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trickortreat
July 13, 2014 | by  | in Features Homepage |
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Trick or Treat

As kids, our parents taught us not to lie. In the next breath, they told us there was a man who watched us constantly (even while we were sleeping!), rewarded us for being good, and worked miracles. Just as religions have used God, Satan and the threat of eternal reward or punishment to moderate their followers, parents have used mythical beings like Santa to make their kids behave.

Recently, psychologists have argued that the ‘Santa Lie’ should be avoided. It’s an unjustified lie, they say. It undermines the relationship of trust, and it encourages ill-motivated behaviour. Others have argued that parents shouldn’t feel guilty, because Santa is a good lie to tell your children. It encourages their creativity and imagination. It shields them from sad adult truths while they are in their age of innocence.

Salient takes a look at the gods our parents created for us.

SANTA CLAUS
(AKA an immortal fat man who reigns over elf slaves and drives a magical sleigh pulled by reindeer)
ORIGINS:
The original. St Nicholas lived during the fourth century in what is now Turkey. He used to put coins in random people’s shoes. The Dutch used him as an inspiration for their Sinterklaas, who is a serious old man who rides a white horse and who has a helper called (we kid you not) ‘Black Pete’. Santa Claus is the much happier and less-racist Western version.
WHAT HE IS USED FOR TODAY:
To get kids to behave, especially around Christmas time. It’s hard to stop kids from acting out
with all the excitement of the holidays, so parents bribe them with presents. Although parents could take the credit for the presents, they sacrifice themselves so that kids can believe.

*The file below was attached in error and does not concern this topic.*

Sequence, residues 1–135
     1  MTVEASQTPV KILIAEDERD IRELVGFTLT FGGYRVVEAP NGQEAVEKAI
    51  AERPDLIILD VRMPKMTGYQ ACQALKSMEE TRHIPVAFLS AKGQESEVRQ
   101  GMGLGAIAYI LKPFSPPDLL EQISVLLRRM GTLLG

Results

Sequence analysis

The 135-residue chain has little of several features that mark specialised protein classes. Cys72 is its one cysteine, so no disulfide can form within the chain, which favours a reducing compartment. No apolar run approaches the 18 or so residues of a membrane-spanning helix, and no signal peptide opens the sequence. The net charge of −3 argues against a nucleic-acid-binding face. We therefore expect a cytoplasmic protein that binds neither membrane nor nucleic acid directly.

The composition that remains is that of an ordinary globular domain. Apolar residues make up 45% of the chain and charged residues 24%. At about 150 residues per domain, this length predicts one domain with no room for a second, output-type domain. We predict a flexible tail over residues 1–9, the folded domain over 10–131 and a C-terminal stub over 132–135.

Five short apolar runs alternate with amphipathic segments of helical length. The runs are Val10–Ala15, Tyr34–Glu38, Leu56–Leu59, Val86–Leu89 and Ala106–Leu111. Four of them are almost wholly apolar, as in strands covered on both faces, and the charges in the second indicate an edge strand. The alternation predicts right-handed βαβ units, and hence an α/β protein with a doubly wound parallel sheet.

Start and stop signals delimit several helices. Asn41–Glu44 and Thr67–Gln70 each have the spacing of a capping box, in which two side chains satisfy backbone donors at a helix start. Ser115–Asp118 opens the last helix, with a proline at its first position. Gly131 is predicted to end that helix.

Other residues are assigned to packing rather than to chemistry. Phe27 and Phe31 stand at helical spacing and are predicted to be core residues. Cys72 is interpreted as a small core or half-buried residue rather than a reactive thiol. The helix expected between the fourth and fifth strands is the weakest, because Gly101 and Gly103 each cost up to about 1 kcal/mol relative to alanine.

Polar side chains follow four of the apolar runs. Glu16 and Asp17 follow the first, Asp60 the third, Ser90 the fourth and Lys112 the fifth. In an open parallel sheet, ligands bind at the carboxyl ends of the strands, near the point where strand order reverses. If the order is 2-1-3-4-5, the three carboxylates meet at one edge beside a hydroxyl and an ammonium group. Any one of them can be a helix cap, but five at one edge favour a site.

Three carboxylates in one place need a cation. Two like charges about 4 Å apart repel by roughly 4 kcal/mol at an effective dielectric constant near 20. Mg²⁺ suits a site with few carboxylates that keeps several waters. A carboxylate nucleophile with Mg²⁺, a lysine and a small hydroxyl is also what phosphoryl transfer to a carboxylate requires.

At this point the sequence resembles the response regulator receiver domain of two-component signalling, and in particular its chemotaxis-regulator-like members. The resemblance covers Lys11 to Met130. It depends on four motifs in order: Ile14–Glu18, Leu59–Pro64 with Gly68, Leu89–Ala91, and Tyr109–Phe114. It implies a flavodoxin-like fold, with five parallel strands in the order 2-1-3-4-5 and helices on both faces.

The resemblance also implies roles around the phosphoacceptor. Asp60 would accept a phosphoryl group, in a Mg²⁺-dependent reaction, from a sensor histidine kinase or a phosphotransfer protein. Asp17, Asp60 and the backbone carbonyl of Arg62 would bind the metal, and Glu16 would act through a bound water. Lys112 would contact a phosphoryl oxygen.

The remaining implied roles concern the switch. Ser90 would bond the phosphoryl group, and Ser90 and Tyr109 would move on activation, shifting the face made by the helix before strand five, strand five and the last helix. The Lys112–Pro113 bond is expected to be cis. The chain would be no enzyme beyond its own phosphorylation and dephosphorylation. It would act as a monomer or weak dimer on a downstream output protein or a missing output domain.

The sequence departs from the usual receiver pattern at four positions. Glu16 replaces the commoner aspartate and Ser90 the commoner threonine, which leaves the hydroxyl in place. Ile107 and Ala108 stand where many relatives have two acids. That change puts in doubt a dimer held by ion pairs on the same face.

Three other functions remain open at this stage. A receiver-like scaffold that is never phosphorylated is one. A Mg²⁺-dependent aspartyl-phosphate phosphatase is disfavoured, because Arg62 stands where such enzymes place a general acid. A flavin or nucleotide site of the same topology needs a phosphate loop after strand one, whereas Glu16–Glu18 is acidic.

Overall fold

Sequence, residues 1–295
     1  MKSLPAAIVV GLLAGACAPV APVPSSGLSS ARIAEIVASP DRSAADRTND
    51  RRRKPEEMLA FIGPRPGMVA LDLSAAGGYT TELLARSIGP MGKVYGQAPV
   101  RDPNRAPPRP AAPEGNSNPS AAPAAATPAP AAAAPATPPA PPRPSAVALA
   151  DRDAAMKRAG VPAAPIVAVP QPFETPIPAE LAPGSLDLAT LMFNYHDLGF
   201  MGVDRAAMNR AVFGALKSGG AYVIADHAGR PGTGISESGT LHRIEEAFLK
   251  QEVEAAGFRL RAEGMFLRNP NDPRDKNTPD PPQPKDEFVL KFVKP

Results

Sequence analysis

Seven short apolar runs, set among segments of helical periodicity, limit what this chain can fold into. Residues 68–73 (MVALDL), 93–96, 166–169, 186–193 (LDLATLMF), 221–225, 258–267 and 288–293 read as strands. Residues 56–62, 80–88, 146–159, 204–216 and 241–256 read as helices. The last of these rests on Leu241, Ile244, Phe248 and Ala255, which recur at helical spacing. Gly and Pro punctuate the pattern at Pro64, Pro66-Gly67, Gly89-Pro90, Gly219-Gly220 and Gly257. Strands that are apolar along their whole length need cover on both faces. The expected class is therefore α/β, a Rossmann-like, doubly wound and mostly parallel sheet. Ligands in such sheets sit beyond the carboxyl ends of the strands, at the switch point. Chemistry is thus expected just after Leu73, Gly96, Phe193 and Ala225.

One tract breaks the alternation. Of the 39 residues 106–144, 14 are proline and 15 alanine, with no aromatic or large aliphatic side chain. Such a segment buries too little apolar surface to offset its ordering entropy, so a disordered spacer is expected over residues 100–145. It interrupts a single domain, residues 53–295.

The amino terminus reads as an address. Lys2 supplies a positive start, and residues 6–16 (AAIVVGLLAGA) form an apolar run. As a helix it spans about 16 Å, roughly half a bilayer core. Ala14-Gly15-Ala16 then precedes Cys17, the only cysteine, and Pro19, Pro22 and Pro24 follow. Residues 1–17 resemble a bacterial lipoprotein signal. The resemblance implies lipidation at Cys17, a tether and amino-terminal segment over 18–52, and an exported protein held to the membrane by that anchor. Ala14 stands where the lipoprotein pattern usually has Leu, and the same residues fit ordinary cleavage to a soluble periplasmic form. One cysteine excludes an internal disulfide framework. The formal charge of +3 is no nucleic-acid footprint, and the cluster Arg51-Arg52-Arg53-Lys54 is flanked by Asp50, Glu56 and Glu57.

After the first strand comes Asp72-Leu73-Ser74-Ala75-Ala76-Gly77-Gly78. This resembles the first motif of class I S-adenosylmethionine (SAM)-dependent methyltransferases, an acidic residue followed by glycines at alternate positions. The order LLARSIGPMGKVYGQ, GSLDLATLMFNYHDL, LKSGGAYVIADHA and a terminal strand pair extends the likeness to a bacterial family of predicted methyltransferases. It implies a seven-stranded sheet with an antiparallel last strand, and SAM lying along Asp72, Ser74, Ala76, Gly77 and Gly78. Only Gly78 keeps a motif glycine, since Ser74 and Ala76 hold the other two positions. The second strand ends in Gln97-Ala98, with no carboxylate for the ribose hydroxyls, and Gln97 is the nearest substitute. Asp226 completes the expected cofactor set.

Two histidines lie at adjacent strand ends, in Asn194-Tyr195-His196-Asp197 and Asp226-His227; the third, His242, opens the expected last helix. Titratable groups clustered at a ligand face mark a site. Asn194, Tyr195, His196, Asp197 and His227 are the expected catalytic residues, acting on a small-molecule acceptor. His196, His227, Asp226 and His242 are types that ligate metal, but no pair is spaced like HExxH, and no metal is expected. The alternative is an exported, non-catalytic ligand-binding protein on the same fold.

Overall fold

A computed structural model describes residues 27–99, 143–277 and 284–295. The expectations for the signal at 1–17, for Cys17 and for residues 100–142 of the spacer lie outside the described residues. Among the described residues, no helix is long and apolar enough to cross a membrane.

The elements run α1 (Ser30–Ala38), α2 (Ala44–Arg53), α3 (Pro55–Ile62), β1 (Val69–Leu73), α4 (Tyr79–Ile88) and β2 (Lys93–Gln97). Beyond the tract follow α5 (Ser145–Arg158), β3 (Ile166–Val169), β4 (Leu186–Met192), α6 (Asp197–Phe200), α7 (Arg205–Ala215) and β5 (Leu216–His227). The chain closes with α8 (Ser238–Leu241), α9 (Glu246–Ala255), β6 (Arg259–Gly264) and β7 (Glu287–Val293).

THE TOOTH FAIRY
(AKA a tiny magical flying woman or man who buys your teeth)
ORIGINS:
The earliest written record of Norse traditions tells of a ‘tooth fee’ paid to children for their first lost tooth. Unlike Santa and the Easter Bunny, there isn’t a consistent version of what the tooth fairy looks like. There’s some doubt as to whether she’s even a ‘she’. In America, the tooth fairy gives $3.70 per tooth on average.
WHAT HE/SHE IS USED FOR TODAY:
Turning a bad experience (losing your teeth) into a happy one (making bank). Also, some variants of the myth say that the fairy pays more for a clean tooth than a decayed one. So, parents effectively bribe their kids to brush their teeth.

THE EASTER BUNNY
(AKA gigantic human-rabbit that gives out chocolate miniatures of himself for you to eat)
ORIGINS:
How the death of Jesus became associated with a chocolate-egg-bearing bunny is a complex one. It was widely believed that hares were hermaphrodites, and could therefore give birth while remaining a virgin (like Mary). During Lent, Christians weren’t allowed to eat eggs, so they’d boil them and eat them to break their fast. Chocolate’s just nice to eat.
WHAT IT IS USED FOR TODAY:
In a similar way to Santa, parents can threaten their kids with no Easter chocolate if they misbehave. The Easter chocolate trade is worth billions of dollars – in Australia, $157 million is spent a year on chocolate.

THE BOGEYMAN
(AKA a monster in your closet that stops you from leaving your room in the night and disturbing your parents’ rumpy-pumpy)
ORIGINS:
This folkloric beast has its origins in Germany, and its name has the same origin as the word ‘bug’. The monster doesn’t have a specific appearance, and instead takes on the form of the individual child’s worst nightmare. In some cases, the Bogeyman is a nickname for the Devil.
WHAT IT IS USED FOR TODAY:
Much the same thing as it always has: as a threat of pain and punishment for doing naughty things. Children are told that if they suck their thumbs or play up, the Bogeyman will get them. His outwardly sinister traits mean that even adults can be afraid of him – see horror movies for evidence of that.

HONOURABLE MENTIONS:
THE MEAN STRANGER
(AKA the random person your parents say will tell you off if you don’t behave yourself)
SACK MAN
(AKA a scary man who will snatch you and take you away in his sack)
CHANGING WINDS
(AKA the belief that if you keep pulling a face, the wind will change and it will stay that way permanently)
PINOCCHIO’S NOSE
(AKA the idea that if you lie too much, your nose will grow long and you’ll be hideous)
WITCHES
(AKA scary old women who will boil you in a stew)

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